It’s no surprise that governments try to put their best foot forward on policies they’ve enacted. But this can frequently slip into a defense of policy that bears no resemblance whatsoever to the actual policy itself. Such is the case with the Administration and housing policy.
In a blog post celebrating the release of a report called “Creating Pathways to Opportunity,” Gene Sperling and Melody Barnes tout the various initiatives that have enabled Americans to achieve upward mobility. Now, America is at a low ebb in upward mobility, perhaps since the Gilded Age, so it was going to be hard for Sperling and Barnes to nail the dismount on this one. And I guess that’s why they’ve opted for outright dissembling:
Mitigating the Impact of the Housing Crisis. When the President took office in January of 2009, the housing market had seen major losses for 30 straight months, slashing home equity in half which combined with the recession left many communities struggling economically. To begin rebuilding our housing market and economy, the President jump-started mortgage loan modifications, which help to keep families in their homes. More than 4 million families have had their mortgages permanently modified since April, 2009 – nearly twice the number of foreclosures which occurred in that time. And to help over 1 million Americans avoid homelessness, the President provided $1.5 billion through the Recovery Act for the Homeless Prevention and Rapid Re-Housing Program.
I’ve bolded the offending section. How can they come up with this number, that 4 million families have received permanent modifications, when we know that HAMP only delivered around 700,000 permanent mods?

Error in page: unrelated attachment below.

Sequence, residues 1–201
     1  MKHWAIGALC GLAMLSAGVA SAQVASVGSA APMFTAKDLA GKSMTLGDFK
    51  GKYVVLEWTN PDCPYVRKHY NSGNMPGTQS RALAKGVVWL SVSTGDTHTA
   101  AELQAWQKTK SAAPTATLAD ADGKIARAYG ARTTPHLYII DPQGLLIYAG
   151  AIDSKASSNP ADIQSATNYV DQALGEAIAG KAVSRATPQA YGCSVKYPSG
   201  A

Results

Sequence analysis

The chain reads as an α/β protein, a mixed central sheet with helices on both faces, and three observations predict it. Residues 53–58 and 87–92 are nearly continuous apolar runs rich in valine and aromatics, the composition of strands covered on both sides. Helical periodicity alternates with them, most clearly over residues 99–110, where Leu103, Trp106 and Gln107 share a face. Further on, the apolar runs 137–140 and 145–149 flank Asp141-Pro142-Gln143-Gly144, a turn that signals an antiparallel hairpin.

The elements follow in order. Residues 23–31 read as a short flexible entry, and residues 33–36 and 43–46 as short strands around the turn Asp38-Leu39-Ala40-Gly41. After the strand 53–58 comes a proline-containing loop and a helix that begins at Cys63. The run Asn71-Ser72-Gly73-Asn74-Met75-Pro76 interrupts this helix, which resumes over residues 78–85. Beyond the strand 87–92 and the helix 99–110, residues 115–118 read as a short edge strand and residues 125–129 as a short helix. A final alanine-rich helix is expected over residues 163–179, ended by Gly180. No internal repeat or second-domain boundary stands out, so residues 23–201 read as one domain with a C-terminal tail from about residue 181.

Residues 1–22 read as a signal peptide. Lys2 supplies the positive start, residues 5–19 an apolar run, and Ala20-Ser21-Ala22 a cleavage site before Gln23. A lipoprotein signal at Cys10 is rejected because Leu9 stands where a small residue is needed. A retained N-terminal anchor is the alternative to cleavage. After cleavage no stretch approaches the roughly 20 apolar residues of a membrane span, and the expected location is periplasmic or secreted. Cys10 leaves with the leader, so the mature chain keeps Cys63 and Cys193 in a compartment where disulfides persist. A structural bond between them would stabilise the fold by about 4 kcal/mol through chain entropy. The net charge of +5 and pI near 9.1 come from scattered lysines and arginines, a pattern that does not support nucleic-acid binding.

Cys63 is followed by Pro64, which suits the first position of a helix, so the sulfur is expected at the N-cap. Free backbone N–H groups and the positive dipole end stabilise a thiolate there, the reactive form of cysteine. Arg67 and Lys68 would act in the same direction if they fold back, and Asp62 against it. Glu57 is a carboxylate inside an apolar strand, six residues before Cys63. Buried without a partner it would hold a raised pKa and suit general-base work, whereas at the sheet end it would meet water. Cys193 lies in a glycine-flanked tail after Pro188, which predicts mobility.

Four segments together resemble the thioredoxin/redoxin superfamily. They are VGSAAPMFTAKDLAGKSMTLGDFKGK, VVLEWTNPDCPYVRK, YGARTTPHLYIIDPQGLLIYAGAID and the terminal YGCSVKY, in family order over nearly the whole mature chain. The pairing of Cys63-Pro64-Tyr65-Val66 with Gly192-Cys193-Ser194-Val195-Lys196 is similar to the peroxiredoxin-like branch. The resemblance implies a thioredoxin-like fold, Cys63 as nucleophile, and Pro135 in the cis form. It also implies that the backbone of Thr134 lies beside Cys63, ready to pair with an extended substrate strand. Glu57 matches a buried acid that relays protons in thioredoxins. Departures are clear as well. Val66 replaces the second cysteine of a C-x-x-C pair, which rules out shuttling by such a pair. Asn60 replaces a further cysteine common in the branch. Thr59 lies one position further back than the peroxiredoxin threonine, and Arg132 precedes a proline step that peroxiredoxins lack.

It turns out that this talking point has been around for some time. Every month, the Treasury Department and HUD put out a monthly housing scorecard. You can find the most recent one here. And every month, the number of permanent modifications swells in this scorecard. You can look on page 3 of the scorecard, and you see a statement about modifications that includes “FHA Loss Mitigation,” “Hope Now Modifications” and HAMP mods in this analysis. FHA Loss Mitigation is essentially the program for modifying FHA loans. That really hasn’t changed under Obama; it was humming along from 2004-2007 to keep homes out of foreclosure. Hope Now is the original Bush Administration housing initiative that is just a hotline, and a vague way to “bring homeowners and lenders together.” What the Administration is counting as a modification they initiated, then, is really just a proprietary modification done in-house by the lender. This incorporates those modifications you hear about where the monthly payment goes UP rather than down. It includes the modifications that the banks force the borrower to take after they get denied for a HAMP mod. It even appears that trial HAMP modifications are being counted here, though they do say “permanent” in their boasting.
Basically, the Administration is saying that they should get credit for every loan modification generated in the country, whether they had anything to do with it or not. And there is substantial difference between a modification that reduces principal or actually allows a delinquency to cure, and a proprietary mod that may have no benefit to the homeowner.